New cash crops were planted to include soya beans and groundnuts, yielding added household income. With the pooled profits, seedlings were planted to regrow trees that had been lost to deforestation, hundreds of thousands of bricks were molded for the construction of a new school and homes for teachers, a clean-water well was dug, and savings and agricultural groups were formed.
As each new need was identified, the community gathered together to raise money and invest back into their collective vision for their lives and the lives of their children.
But the changes were not just physical. Love and appreciation for the children of the village was instilled as community members began to understand the meaning of Imago Dei—each child created in the image of God and possessing inherent worth.
The value of the girl child and the importance of education for both boys and girls began to take root. Community members began looking out for their friends and neighbors, and families began to repair once broken relationships, thriving in a growing love, care and respect for one another.
Little by little with each passing year, leaders and community members alike began speaking out against harmful practices of polygamy, rites of passage, child brides and witch doctors.
Mothers groups were formed to keep children in school and protect the rights of children, especially girls.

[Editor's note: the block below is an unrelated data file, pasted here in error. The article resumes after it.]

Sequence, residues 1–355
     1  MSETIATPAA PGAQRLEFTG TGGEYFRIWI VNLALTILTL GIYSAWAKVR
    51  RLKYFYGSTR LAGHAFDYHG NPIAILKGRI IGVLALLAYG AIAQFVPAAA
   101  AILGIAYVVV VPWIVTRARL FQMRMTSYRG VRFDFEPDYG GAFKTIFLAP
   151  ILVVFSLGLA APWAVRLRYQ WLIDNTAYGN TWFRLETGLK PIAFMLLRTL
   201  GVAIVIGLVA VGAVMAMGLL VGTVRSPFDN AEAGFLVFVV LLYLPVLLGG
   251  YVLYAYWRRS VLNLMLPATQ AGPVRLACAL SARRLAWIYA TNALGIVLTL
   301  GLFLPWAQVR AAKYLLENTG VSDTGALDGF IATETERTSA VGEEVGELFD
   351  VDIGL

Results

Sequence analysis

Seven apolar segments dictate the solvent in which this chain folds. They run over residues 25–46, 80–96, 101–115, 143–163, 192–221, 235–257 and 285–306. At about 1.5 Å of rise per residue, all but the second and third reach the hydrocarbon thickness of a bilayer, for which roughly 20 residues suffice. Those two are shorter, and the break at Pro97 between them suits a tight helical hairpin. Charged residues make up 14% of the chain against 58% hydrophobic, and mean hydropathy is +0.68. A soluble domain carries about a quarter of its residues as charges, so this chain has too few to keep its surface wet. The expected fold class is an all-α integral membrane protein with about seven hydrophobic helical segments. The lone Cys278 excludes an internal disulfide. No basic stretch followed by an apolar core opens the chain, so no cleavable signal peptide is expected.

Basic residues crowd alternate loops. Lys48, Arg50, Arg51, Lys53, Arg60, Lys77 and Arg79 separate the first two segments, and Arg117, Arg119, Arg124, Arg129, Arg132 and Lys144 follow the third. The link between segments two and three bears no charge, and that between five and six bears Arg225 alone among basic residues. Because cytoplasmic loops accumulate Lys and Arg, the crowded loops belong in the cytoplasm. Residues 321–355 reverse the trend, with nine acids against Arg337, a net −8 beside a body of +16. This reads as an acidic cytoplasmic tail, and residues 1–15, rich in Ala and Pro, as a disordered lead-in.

Leaders from other districts began to visit Jenda to witness what, why and how such positive transformation was taking place. And Jenda’s influence was so great that even local government Village Development Committees took note—putting in place by-laws that forbade marriage under the age of 18 and required mothers to give birth in health-centers or local hospitals so as to ensure proper care.
A Flourishing Future
Today, the village of Jenda is unrecognizable. As you enter the center of the village, you pass a deep-water well, three primary school blocks, five well-constructed teachers’ homes, three large enclosed cultivation plots, two brick-molding kilns and a large field of newly planted trees.
The church, which sits as the center of the community with two classrooms, continues to be a place of planning and dreaming toward a flourishing future. Community members plan to build more schools and child care centers, a library and a recreation hall. They want to ensure all girls attend school and every disabled child has access to wheelchair and wheelchair accessible classrooms. And so much more.
Ten years ago, these plans were not even a thought, let alone an aspiration for the Ngoni people in Jenda. Yet today, they stand before us, proclaiming the gospel and the truths that have opened their minds, encouraged love and instilled a bright and bold vision for their future. It is a truth we can all rejoice in.
*At World Relief, our goal is to see local churches continue to serve the most vulnerable long after World Relief transitions out of the area. We do not seek to establish a long-term, ongoing presence in the areas we serve, but instead build capacity among local leaders to sustain the progress they themselves initiated. Once a community is able to meet their target goals, World Relief begins the process of graduating the community, which includes a time of reflecting and celebrating together. The Jenda community is currently set to graduate in 2023! Join us in celebrating and praying for this continuous transformation.
Francesca Albano currently serves as Director of Branded Content at World Relief. With a background in Cultural Anthropology and a graduate degree in Strategic Marketing Communications, she connects her interests in societal studies and global cultures with her training in brand strategy and storytelling. Francesca is especially passionate about grassroots community development and the treatment and advancement of women and girls around the world.